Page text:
Resolution, a body of family law professionals, campaign for better laws, facilities and support for those involved in family court procedures.
In a commission on access to justice, Resolution voices concern regarding the failure of current laws as well as providing practical solutions to the problems many face when enduring family changes. A main proposal is to introduce a no fault divorce system, replacing the need for one party to place blame on the other. This is said to often cause conflicts and can make coming to an amicable decision about family and financial arrangements difficult therefore, delaying proceedings. It is described in the proposals as ‘a new divorce procedure, where one or both partners can give notice that the marriage has broken down irretrievably. The divorce can then proceed and, after a period of six months, if either or both partners still think they are making the right decision, the divorce is finalised.’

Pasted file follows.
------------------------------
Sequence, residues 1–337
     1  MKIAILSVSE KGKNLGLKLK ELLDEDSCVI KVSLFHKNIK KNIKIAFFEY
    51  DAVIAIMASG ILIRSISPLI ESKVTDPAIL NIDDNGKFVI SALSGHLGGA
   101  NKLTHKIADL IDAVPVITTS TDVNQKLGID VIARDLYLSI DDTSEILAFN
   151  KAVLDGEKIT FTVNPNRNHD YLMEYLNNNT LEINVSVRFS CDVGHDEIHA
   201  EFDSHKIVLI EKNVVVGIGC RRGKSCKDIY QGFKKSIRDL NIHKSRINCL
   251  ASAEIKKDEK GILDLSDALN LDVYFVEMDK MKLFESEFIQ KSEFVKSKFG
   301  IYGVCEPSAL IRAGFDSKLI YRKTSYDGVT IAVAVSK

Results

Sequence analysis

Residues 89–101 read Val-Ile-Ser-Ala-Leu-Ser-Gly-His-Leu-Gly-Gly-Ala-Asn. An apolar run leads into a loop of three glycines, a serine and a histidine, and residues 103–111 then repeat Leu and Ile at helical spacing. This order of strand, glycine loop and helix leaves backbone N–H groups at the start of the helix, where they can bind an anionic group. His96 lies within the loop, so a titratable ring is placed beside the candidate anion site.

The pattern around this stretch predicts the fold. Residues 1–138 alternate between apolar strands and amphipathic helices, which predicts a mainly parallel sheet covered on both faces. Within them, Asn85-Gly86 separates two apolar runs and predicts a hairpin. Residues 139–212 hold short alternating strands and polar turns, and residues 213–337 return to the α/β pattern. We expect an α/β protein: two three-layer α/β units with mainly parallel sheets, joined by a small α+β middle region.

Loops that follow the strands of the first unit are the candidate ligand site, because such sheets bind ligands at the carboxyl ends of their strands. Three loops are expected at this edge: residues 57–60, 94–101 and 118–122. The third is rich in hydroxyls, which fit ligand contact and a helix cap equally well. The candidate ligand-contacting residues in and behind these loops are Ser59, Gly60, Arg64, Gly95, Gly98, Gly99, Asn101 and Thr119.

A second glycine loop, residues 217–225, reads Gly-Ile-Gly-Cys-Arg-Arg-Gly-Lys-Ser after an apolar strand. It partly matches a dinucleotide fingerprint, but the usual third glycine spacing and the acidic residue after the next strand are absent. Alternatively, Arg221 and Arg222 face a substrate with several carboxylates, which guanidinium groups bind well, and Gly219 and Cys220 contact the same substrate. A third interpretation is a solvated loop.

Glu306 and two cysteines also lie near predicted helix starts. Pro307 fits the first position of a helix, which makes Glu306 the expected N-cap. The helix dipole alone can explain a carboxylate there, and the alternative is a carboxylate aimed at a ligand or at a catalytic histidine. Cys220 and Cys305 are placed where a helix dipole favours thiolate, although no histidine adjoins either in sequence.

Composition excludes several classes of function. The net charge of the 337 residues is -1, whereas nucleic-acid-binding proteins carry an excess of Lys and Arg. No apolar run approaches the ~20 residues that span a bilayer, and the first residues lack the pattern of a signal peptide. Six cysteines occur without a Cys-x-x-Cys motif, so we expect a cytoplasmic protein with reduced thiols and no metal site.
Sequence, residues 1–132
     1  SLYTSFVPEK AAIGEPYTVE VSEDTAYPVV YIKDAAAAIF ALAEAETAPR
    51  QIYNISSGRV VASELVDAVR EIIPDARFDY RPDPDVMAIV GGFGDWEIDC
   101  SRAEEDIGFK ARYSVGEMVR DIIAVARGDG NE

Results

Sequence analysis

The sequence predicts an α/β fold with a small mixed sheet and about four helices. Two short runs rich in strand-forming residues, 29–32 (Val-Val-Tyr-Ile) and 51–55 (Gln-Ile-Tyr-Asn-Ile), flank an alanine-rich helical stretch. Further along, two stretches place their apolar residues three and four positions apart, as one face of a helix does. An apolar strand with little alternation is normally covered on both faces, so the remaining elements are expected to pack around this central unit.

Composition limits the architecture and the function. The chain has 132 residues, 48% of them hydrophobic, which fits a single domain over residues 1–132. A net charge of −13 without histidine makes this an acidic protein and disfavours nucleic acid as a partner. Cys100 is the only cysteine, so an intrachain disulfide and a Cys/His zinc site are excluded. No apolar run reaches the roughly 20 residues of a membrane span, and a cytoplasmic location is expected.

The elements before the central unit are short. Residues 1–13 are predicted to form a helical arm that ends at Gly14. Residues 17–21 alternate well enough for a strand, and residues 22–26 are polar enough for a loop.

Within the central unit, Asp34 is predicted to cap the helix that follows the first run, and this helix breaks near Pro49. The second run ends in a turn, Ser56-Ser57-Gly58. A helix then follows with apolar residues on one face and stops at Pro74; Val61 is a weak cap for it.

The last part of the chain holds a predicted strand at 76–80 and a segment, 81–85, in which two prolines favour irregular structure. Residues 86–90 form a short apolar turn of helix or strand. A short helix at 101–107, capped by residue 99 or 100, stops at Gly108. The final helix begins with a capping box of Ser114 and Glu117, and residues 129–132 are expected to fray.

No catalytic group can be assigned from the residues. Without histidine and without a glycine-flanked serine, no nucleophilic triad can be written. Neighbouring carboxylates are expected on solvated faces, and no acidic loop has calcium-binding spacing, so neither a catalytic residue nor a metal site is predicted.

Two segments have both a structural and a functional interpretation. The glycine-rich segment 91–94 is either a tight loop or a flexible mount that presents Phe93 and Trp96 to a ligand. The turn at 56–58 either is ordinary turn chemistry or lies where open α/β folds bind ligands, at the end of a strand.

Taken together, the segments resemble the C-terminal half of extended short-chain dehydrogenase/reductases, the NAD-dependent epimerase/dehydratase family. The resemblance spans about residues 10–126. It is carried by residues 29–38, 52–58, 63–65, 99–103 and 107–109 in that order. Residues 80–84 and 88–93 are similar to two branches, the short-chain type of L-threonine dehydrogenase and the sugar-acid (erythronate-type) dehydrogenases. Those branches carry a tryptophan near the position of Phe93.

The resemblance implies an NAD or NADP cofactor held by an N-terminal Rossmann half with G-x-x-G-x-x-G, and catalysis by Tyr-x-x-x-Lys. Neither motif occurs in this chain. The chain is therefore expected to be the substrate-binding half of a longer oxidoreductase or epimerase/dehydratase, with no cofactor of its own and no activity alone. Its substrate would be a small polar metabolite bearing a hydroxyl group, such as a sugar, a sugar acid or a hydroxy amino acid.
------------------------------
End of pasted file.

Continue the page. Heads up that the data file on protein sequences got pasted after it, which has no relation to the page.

In addition, they recommend a legal aid campaign to make professionals more aware of the options available so vulnerable people do not miss out on essential help. Building on the idea of access to justice, they propose the evidence requirements for legal aid be extended so that GP letters and injunctions would be sufficient evidence of domestic abuse. For financial abuse, these would not apply so a statement from the client should also be sufficient evidence. They claim by extending these requirements, those suffering from abuse will not be restricted to accessing justice by strict evidential criteria.
To read more, please visit the Resolution website.